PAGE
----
The Rokid Station for international customers is still under development but during my visit at the Rokid headquarters the glasses were connected to the Chinese version of this accessory. It offers more than 6h of battery life according to Rokid and comes pre-loaded with all the movie watching and cloud gaming apps you would come to expect. The Chinese version of the Rokid Station is priced at under $100 so this is an affordable accessory that is very useful and frees up your phone from the battery draining task of powering the Rokid Max.
Now another content provider that works with the Rokid Max out of the box is the Steam Deck! And that is an actual use case that is pretty amazing and probably one of the killer applications of the Rokid Max. Simply hook this up to your Steam Deck and enjoy gameplay on a huge 75″ display that appears 2.5m away from you. Oh yes! I probably need to get a Steam Deck now to complement my Rokid Max!
One more important feature to point out in the content section here is that Rokid Max comes with HDCP support which means hassle free watching of all those movie streaming apps like Netflix, Amazon Prime, Disney+ and so on. No more black screens in your headset! And if you want to watch 3D content, you can! Any 3D SBS content can be switched to watch in 3D mode simply by long pressing the brightness button.
What to do with the Rokid Max?
So what are the actual use cases for the Rokid Max? I got a very clear answer for that question. In my opinion these are simply incredible video glasses that allow you to bring a huge screen anywhere you want to. They are great for movie watching in bed, on the couch when your TV is being used by your significant other or especially when you are on a long plane ride.
Playing games from the cloud or streaming them locally from your XBox or PS5 is another fantastic use case that works extraordinarily well. Simply fire up your streaming app on your compatible phone or the Rokid Station (once available) and you are in for a treat. Of course as mentioned before you could also use your Steam Deck.
Now how about working? Would I hook these up to my Macbook Air or Windows Laptop to work on that big screen? Honestly speaking I don’t think this works very well on the device. The reason is that right now only screen casting will work when you connect the glasses to your Mac or Windows PC and once you move your head the screen will move with you. So you will need to look around by moving your eyes instead of your head which proves too tiring for me to do actual work.
The Rokid Max does not have a built-in battery. The content provider that is connected to the glasses will take care of powering the device. Now depending on the capacity of your phone your mileage will vary. The Rokid station will come with 5000 mAh that will give you around 6h of movie watching time. I can’t comment on battery life for my phone because I simply use the $37 Rokid Hub accessory that allows me to charge my phone while the Rokid Glasses are connected. Therefore I can indefinitely watch movies and play games with the device. It also allows me to directly connect my Nintendo Switch with the glasses which does not work without the Hub. So if you want to pick up the Rokid Max to connect to your phone or Switch the Rokid Hub is a must have accessory.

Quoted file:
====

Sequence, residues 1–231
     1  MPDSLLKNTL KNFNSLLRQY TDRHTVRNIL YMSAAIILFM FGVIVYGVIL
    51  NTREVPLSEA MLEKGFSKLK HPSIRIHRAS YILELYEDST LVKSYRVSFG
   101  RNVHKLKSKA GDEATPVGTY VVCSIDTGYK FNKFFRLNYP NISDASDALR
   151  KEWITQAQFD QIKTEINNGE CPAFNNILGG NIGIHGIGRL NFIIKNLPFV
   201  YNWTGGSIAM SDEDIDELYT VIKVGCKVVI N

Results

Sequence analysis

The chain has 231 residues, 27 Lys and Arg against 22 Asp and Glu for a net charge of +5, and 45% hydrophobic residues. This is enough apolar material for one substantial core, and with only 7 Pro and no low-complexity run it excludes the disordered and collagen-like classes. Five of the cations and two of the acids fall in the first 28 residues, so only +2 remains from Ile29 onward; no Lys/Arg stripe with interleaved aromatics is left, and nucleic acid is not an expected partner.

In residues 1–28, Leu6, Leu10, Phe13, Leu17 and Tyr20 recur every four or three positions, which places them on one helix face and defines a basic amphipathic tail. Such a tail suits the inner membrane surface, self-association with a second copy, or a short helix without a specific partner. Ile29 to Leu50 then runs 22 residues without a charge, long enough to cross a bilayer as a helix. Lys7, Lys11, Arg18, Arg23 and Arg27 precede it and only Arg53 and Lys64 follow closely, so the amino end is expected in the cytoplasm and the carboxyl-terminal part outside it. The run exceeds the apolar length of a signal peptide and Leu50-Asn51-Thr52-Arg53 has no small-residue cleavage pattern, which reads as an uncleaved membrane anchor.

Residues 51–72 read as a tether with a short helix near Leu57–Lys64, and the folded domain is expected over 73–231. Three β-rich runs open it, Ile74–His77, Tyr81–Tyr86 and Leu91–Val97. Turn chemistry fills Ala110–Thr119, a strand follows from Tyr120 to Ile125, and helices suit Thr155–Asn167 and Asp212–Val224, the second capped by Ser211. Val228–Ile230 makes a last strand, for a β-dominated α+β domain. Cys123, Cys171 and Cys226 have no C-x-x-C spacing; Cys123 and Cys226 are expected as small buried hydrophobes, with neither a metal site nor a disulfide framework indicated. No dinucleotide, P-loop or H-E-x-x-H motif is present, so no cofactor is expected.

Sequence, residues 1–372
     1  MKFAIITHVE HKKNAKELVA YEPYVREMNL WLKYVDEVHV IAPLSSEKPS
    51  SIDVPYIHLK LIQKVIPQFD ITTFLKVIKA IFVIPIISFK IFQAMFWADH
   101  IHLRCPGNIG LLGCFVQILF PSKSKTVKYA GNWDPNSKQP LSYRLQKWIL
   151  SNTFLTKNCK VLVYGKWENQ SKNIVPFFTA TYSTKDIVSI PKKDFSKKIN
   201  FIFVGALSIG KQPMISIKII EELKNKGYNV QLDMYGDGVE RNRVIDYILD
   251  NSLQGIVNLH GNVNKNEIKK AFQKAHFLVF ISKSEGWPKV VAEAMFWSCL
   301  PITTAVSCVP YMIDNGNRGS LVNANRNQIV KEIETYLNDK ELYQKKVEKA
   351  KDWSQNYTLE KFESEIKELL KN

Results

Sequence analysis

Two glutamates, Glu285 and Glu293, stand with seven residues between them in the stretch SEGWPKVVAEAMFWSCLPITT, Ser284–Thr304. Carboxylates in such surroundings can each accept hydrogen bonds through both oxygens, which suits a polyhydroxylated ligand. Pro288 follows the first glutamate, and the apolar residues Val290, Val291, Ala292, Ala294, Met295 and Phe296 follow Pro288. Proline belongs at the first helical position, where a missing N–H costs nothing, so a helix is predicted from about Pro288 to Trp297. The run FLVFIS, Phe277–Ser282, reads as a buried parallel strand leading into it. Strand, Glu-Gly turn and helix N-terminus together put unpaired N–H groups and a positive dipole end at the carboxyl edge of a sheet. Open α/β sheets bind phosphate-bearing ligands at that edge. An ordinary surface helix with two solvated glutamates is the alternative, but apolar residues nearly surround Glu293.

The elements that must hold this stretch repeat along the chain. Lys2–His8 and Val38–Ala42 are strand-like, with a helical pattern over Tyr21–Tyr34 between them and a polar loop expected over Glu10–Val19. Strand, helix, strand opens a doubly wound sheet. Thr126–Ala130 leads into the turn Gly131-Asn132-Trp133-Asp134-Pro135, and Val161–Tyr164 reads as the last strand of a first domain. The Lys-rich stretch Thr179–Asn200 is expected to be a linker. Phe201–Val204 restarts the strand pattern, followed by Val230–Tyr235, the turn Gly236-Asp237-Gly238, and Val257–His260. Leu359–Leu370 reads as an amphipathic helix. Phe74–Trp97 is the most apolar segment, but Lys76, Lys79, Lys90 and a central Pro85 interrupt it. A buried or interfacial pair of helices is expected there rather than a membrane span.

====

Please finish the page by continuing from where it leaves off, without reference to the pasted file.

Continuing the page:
Conclusion – Are These Worth $439?
The Rokid Max are my favorite video glasses so far. They offer a huge virtual screen that is bigger than my own TV set at home and I can even bring it wherever I go. So far so good but we had seen really great glasses in this category from the competition as well.
What sets the Rokid Max apart for me though is the built-in diopter adjustment that corrects my short-sightedness and allows me to enjoy that beautiful virtual OLED display without the need to have custom-made lens inserts for the device. That is just so convenient and makes all the difference for me. The improvements in the audio department and little details like reduced forward light leakage, HDCP support and well thought-through accessories like the Rokid Hub simply make the Rokid Max a well rounded product that tech enthusiasts will simply want to own.
The $439 asking price is still quite a few hundred dollars above that impulse buy threshold of $200 that would make these glasses a no-brainer for every self-respecting tech fan. For $439 though you could also get yourself a Quest 2 that will allow you to do quite a bit more than just watching movies and playing 2D games. However, you won’t get the kind of quality OLED display that you get with the Rokid Max.
In my opinion the Rokid Max is the perfect travel companion for people that fly a lot and are looking for the best way to enjoy their video content on a huge virtual screen. They are also a great accessory for gamers that want to get their game on wherever they are. If you are willing and able to pay that early adopter tax and need the latest and greatest right now, you have my blessing to go ahead and get them.
It is exciting to see how this product category is evolving and even though the Rokid Max is not perfect yet, it is already a well-rounded product that does what it is supposed to do in a more than convincing way.